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Judge rules to move case against journalists in Bolivia to Press Tribunal

In a welcome development in Bolivia last month, a judge ruled that criminal charges of espionage, complicity and disclosure of state secrets against two journalists be dropped and the case be moved to the country's Press Tribunal.

On May 7, Ricardo Aguilar, a journalist with the Bolivian daily La Razón, and Claudia Benavente, the newspaper's editor in chief, were called to testify at a court in La Paz in relation to an article titled “How the maritime lawsuit won out over the idea of unilateral action,” published in their publication on April 13.

The article in question detailed the ongoing dispute between the Bolivian and Chilean governments about Bolivia's access to the Pacific Ocean.

On May 7, Jhonny Machicado, the judge overseeing the case, informed the journalists of the charges filed against them on April 22 and ordered Aguilar and Benavente to reveal their sources of information, in clear breach of provisions guaranteeing source confidentiality in the country's Press Law.

Commenting on the case, Juan León Cornejo, president of the National Press Association (ANP) in Bolivia, told IPI last May, that no journalist had been forced to reveal their sources since the country's Press Law had been enacted in 1925. While Aguilar and Benavente refused to reveal their sources, their defence attorneys argued that on the basis of the Press Law, their case should not be considered by a criminal court but rather the Press Tribunal.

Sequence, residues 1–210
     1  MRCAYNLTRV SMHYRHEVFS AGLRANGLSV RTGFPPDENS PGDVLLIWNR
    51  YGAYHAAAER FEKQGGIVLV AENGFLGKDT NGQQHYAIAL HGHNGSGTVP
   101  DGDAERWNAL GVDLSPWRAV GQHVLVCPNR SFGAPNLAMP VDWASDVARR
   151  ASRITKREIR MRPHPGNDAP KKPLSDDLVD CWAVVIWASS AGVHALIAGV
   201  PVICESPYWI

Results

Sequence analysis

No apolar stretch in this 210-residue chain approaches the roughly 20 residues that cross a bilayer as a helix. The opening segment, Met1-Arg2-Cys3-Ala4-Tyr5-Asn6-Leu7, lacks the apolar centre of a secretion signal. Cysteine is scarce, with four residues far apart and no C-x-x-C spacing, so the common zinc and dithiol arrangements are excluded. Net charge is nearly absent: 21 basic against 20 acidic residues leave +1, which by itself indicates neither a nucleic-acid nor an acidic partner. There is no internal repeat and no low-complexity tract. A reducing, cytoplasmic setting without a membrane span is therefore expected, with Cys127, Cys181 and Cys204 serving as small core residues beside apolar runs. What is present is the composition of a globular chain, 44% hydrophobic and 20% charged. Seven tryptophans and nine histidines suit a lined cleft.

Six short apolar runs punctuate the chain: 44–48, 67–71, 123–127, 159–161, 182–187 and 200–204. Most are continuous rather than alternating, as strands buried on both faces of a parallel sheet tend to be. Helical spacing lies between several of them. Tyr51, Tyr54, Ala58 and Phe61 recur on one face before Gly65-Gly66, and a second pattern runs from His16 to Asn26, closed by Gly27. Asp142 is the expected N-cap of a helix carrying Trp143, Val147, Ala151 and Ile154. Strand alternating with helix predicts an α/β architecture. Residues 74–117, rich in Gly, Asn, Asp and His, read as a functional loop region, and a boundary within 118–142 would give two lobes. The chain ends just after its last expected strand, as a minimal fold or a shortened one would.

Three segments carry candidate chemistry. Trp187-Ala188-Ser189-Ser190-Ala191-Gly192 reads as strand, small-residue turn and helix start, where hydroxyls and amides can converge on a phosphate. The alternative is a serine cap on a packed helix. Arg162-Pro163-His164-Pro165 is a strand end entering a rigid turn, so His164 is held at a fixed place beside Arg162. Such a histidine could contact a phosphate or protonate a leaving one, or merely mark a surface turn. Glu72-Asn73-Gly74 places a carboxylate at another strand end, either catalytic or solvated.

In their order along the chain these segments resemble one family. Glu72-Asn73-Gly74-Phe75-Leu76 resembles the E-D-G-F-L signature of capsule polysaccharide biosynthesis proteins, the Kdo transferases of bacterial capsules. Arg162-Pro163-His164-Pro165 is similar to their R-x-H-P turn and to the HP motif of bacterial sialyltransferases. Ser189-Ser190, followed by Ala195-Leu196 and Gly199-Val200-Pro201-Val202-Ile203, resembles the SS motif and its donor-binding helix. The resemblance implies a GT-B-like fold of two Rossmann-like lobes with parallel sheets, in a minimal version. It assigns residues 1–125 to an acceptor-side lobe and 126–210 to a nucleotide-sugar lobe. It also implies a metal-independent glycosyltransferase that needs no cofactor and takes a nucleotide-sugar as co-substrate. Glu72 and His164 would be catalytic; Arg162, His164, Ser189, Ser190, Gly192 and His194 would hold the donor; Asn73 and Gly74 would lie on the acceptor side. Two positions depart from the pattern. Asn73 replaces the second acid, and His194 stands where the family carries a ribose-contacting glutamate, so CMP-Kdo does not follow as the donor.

On Aug. 5, Judge Virginia Janeth Crespo Ibáñez agreed with the defence and dismissed the charges against the journalists. At the same time, Crespo Ibáñez ruled that the case should be moved to the Press Tribunal.

“We welcome the judge's decision, which sets an important precedent in Bolivia's respect of the rights of journalists,” said Barbara Trionfi, IPI Press Freedom Manager. “Under the country's Press Law, the journalists will not face criminal charges or jail time, hence removing the chilling effect that any type of criminal prosecution has on journalists covering issues of public interest.”

While the trial will reconvene at the Press Tribunal over the next few weeks, Benavente has opted to not respond to any questions directly about her case. La Razón general manager, Marcelo Diaz, told IPI last month that the justice system determined that criminal proceedings are not appropriate to evaluate claims made against journalists since Bolivia's Press Tribunal is still active.

The Press Tribunal will determine if the Press Law was violated by Benavente and Aguilar.

“The sanctions that the journalists may face at the Press Tribunal are rather ethical and moral," León Cornejo said. “The amount of the fines imposed is minimal.”

Shortly after the ruling, the country's general prosecutor said that despite the recent decision, he will continue an investigation to find the source, allegedly a government employee.

“Any legal action that tries to affect the 'journalist-source' relationship could deter sources from coming forward with information," Diaz noted.

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